My sunflowers are blooming again. I was afraid I would miss them this year with our upcoming move to Texas. For weeks, I gazed at them, urging them to hurry up and begging them to give me one last glimpse of their bright yellow petals, faces fully locked towards the sun. I needed to see them one last time. I needed to see this powerful sign of hope more than ever this year.
These sunflowers have been my teachers for the past four years. Their first lessons happened by mere chance, with seeds dropping from our birdfeeders and surprising us with their strong stalks and wide leaves that relentlessly followed the sun. Their very existence appeared to be to soak up as much of the sunlight as they could so they could produce bright, vibrant flowers.
They grew, and I learned. If only my life could be like theirs: intently focused on God’s Son, stretching and growing in any direction needed so that I could absorb the maximum amount of Christ’s light. If only my search for the light could produce such fruit as theirs.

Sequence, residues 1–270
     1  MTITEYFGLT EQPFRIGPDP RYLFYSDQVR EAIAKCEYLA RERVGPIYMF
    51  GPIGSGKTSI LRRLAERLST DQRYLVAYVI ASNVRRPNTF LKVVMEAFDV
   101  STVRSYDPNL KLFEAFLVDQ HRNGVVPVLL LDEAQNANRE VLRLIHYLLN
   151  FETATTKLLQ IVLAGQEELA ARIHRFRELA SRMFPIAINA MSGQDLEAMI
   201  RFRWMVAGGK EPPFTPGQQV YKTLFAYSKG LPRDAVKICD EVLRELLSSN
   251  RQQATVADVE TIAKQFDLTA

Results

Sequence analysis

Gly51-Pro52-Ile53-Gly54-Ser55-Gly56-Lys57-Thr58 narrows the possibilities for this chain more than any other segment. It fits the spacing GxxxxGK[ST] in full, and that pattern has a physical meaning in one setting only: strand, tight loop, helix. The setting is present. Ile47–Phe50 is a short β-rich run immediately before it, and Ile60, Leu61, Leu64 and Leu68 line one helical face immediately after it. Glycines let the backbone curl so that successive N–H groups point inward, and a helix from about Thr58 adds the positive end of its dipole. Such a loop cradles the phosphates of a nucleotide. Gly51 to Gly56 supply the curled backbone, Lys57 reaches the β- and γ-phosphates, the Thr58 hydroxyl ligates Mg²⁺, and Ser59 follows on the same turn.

These wise teachers taught me that my life could absorb the light of Christ and that Christ’s light in my own life could offer something to others.
Watching them begin to wither, though, showed me their most valuable lessons. As the petals began to brown, the flower heads would droop and turn downward, facing the earth. Their apparent death dropped thousands of seeds into the dirt, holding potential for new life next year.
This was the new life I needed to see this year. I needed to see the full Paschal Mystery played out one last time in my sunflowers. I needed to see that despite their Good Friday period of withering and dropping seeds and their long Holy Saturday period of hibernating in the ground for a year, that their period of new life, their Resurrection, would come.
My sunflowers are blooming again, locked on the light, the source of their nourishment. They are reminding me, as they have for the last four years, that new life will come, even in this long period of transition.